Job Interviews: A Student’s Guide (Part 2)

Earlier this week, I was teaching about work and interviews, which was posted previously.  For lesson material and ideas, please view “Job Interviews: A Student’s Guide (Part 1)“.  The previous lesson, looked at interviews and provided a good sample of a job interview.  We also looked possible questions and developed answers for this.  I also uploaded (with the learners’ permission) a spontaneous role-play dialogue between learners with the use of SoundCloud yesterday.  It was a good opportunity for learners to access their speaking and re-listen to this again.

Anyhow, today we looked CVs and the art of writing a good CV.  We started the lesson by reviewing which sections were included in a CV.  Some sections included: Personal Details, Qualifications, Experience as well as Interests and Hobbies.  These were elicited and boarded up, with language scaffolded such as reference letter, a referee, supporting an application, etc.  We also explored briefly language associated with describing qualifications: MA, undergraduate degree, college (or high school), etc.  The learners were making notes and writing down all the language, which was about to be put to good use.

The next part of the lesson, learners were handed out the CV Template (see below) and they were advised that they were going to ask each other questions associated with the CV and then write their partner’s answer.  Thereby learners in essence were writing their partners CV.  Overall, I found the learners were able to develop invaluable skills in the classroom as well as practice question and answer forms.  I always find it useful to highlight language appropriate for reiterating and checking spelling: “How do you spell …?” and wrote this on the whiteboard.

ELT Experiences – Curriculum Vitae Template

I never got round to showing a video related to job interviews but I was thinking about how not to do a job interview and the great Monty Python sketch was something that I was really considering but perhaps this would be developed for future business related classes.

As always, please leave a comment below and share your ideas or experiences of teaching CV related lessons.

Using Dictionaries During Classes: Lesson Ideas

Statue Reading © ELT Pics

As a continuation of the “Using Series” with my previous focus with the use of smartphones in the classroom in September, I am writing an update with the use of dictionaries during lessons.  Last week, I was teaching a group of Intermediate level learners and I walked in the classroom with Post-It notes and two dictionaries and had a successful lesson.  With this in mind, I would like to share classroom activities for developing dictionary use in the classroom (either monolingual or bilingual dictionaries).  Please find below ten dictionary activities that could be incorporated at various times during lessons.  These have been developed from classroom experience and learner interest in the various activities.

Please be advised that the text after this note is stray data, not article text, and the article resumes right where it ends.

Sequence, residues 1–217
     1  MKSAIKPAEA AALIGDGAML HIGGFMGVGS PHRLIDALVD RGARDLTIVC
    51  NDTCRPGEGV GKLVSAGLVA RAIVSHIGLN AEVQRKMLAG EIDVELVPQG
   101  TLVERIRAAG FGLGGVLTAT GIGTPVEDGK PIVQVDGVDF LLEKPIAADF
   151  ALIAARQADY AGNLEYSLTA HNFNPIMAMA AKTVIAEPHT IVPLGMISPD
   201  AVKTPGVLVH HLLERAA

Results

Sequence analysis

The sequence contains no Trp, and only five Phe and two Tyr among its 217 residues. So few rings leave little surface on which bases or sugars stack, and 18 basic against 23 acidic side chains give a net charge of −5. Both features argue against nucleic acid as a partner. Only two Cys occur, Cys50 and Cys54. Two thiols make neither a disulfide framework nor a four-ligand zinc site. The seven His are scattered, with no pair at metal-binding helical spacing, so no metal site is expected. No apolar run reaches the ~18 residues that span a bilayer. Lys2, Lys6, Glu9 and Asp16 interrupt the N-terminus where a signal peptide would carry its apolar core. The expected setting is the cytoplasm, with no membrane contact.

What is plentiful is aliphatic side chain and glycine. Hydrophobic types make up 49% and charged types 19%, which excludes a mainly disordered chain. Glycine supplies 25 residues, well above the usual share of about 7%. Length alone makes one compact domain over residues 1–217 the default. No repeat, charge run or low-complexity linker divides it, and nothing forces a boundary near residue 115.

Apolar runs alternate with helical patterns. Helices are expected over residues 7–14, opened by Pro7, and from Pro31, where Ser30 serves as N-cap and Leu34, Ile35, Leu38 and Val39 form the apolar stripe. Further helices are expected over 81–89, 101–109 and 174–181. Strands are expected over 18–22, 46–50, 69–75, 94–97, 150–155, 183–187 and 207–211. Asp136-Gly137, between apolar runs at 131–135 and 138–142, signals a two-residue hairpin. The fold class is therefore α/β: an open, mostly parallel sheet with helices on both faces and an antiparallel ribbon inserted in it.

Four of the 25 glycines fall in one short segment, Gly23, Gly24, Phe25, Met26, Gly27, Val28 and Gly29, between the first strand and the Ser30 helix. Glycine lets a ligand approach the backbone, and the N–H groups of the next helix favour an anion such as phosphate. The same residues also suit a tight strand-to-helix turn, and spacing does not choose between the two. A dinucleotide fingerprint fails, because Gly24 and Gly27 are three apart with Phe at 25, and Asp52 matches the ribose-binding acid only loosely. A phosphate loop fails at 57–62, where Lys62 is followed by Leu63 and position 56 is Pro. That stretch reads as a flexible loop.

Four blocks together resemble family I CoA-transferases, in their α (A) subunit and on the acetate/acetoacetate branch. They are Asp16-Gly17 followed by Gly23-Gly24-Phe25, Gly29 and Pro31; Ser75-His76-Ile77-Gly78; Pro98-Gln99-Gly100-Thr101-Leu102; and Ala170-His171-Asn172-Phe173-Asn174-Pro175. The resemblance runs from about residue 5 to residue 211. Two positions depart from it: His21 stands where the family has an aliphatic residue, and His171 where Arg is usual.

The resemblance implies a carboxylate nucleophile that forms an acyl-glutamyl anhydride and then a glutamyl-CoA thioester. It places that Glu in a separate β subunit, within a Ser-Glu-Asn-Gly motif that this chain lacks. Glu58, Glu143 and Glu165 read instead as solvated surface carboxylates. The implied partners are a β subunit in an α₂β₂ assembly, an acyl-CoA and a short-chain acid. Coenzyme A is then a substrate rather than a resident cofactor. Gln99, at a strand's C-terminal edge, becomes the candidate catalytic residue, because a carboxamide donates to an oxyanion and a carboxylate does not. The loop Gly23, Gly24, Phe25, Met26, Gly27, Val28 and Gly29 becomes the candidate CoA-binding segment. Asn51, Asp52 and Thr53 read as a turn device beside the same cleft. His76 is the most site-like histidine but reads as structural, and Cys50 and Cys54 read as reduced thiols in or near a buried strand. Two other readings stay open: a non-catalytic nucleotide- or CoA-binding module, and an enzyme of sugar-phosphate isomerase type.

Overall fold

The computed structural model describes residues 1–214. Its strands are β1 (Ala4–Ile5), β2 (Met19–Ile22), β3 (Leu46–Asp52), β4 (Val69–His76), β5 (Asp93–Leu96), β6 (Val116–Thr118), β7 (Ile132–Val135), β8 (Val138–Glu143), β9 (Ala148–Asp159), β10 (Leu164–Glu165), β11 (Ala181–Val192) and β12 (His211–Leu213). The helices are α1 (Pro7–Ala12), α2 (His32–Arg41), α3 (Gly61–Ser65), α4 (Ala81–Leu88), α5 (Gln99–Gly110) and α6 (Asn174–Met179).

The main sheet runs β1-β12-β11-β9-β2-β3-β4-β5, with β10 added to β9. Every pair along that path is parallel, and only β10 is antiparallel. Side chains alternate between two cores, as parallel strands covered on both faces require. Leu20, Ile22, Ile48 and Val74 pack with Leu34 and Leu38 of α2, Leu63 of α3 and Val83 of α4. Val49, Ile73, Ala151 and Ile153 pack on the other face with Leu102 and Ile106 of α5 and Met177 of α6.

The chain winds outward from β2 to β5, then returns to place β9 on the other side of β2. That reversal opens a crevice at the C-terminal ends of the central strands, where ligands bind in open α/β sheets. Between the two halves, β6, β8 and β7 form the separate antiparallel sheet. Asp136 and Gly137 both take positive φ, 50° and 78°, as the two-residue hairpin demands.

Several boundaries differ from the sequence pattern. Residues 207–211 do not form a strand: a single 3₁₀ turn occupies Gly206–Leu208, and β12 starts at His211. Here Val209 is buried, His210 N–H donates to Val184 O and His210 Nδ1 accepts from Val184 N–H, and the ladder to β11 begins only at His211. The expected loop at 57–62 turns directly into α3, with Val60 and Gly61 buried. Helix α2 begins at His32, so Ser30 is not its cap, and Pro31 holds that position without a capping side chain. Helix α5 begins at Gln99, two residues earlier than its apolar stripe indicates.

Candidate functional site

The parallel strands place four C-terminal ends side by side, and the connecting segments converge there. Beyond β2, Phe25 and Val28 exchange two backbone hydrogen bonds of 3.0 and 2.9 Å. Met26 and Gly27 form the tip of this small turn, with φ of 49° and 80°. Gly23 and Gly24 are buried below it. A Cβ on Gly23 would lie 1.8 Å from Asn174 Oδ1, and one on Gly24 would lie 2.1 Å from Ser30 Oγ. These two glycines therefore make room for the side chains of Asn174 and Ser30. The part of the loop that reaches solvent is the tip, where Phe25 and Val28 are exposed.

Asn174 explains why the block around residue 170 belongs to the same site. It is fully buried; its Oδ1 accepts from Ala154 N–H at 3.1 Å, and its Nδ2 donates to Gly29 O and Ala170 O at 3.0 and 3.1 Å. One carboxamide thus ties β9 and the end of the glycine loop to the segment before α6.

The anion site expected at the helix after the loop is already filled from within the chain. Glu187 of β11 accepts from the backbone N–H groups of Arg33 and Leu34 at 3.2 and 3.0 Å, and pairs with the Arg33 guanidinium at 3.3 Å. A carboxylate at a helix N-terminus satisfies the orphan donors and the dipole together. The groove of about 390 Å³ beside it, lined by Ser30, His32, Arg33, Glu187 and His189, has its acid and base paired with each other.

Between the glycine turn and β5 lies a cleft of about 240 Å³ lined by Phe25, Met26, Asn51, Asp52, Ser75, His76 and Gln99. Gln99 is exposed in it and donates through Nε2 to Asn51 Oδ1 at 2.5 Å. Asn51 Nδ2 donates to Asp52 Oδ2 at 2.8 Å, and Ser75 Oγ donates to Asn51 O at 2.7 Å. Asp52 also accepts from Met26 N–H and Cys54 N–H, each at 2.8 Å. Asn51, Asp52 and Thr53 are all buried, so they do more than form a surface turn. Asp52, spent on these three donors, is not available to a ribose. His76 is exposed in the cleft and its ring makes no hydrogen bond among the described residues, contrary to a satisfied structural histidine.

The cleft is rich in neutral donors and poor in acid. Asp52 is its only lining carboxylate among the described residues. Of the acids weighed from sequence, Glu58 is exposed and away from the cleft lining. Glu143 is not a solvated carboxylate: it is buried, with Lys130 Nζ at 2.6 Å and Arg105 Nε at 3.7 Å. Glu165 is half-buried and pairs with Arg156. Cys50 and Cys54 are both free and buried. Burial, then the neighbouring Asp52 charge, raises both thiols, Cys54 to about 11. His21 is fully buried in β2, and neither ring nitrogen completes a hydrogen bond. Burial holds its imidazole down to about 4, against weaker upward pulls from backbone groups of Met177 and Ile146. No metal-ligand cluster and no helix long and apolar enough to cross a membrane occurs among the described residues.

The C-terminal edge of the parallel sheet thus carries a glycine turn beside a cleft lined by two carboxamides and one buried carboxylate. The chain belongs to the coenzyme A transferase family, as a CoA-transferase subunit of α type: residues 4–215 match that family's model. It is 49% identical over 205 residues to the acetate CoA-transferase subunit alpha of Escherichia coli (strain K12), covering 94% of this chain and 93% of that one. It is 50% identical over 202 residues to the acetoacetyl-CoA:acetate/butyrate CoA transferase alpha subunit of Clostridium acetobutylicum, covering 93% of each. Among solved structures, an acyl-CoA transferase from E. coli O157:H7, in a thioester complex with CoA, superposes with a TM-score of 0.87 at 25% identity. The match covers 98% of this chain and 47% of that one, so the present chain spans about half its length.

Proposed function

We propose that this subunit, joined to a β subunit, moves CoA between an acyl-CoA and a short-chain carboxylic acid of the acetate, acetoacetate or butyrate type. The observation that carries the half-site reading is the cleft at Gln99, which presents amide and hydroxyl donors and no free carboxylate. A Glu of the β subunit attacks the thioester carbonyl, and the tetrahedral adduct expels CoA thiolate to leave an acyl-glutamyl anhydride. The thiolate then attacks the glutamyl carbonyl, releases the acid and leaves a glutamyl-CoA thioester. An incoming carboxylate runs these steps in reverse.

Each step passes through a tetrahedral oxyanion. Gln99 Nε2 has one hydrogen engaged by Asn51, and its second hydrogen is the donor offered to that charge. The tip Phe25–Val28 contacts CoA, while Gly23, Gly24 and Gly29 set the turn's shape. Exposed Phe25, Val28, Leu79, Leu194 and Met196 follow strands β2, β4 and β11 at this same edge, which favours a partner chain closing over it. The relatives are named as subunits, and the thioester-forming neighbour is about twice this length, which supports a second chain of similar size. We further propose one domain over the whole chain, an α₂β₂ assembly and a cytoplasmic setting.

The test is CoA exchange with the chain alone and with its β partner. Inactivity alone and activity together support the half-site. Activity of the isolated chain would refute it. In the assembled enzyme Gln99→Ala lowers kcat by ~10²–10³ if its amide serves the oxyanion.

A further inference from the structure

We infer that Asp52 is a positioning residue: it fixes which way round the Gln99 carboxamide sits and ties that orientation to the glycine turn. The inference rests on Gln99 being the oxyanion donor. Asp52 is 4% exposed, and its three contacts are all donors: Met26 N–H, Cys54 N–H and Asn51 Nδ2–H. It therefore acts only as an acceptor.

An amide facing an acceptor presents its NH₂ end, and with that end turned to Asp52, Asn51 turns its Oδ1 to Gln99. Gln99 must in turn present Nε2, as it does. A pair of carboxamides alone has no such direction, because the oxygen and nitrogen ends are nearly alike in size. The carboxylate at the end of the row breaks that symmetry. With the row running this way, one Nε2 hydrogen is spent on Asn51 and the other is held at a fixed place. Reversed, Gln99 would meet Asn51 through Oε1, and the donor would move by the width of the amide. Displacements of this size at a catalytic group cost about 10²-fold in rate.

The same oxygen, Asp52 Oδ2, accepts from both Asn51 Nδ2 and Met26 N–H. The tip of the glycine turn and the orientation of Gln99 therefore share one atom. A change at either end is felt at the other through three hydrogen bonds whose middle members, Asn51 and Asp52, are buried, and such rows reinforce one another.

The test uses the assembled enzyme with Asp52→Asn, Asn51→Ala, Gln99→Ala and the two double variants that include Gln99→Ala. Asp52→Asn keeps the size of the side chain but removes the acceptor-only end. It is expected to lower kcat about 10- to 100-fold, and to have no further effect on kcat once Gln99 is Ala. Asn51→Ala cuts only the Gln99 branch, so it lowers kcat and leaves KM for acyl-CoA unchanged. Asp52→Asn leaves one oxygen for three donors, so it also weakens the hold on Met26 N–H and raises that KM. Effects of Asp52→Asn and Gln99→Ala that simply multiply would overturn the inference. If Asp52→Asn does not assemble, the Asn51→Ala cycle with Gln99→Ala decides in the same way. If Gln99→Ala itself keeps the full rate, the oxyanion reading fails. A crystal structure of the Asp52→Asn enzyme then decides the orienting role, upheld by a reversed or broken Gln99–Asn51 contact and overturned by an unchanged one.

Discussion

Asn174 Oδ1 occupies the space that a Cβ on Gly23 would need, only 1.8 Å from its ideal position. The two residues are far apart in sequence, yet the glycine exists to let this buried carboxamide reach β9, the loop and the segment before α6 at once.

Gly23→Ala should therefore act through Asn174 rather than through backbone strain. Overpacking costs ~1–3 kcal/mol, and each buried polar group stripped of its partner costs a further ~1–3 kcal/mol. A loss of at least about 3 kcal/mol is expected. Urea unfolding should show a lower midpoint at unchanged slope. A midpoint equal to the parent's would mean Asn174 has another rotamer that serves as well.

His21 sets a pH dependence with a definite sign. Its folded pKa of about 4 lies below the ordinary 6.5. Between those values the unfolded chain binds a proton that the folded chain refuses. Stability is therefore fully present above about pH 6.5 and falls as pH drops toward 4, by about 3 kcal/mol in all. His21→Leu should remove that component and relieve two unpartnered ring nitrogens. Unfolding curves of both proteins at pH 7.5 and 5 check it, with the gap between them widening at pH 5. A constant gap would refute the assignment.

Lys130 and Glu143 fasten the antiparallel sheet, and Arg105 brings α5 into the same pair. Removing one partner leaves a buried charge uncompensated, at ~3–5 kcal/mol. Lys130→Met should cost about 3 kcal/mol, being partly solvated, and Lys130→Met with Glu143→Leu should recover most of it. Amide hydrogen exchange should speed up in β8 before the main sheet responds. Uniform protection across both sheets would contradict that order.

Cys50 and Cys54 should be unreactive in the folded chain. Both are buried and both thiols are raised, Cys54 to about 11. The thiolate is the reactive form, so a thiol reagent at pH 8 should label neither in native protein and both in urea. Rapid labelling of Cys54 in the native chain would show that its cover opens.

1. Vocabulary Review Quiz
    • It is the end of the week and you have to review vocabulary with the learners that has either emerged or been explicitly introduced during classroom interaction or other parts during a lesson.  So how can you use the dictionary to review vocabulary at the end of the week?  Well, one activity that I developed last week was by getting individual learners to write out ten new words that they encountered during the previous lessons.  Once learners completed this, I split the class into two groups and get them to share their words with their team. The next stage was to choose a final list of ten words and then find their corresponding definitions in their dictionary which was provided earlier.  Next learners had to try to make five true and five false definitions either by choosing the in/correct definition or creating their own definition.  They then wrote one word on each provided Post-It note and then handed their Post-It note to the other team.  The team then chose a word and then the other team had to read out their either true or false definition and then word-choosing team had to decide whether the definition was true to false (in a similar way that Grammar Auction is held).  I was keeping a score of the results on the board and continued this until the vocabulary was complete and the winning team were those that predicted the most correct true or false definitions.  It was a great one hour activity and requires minimal preparation and is completely student centred.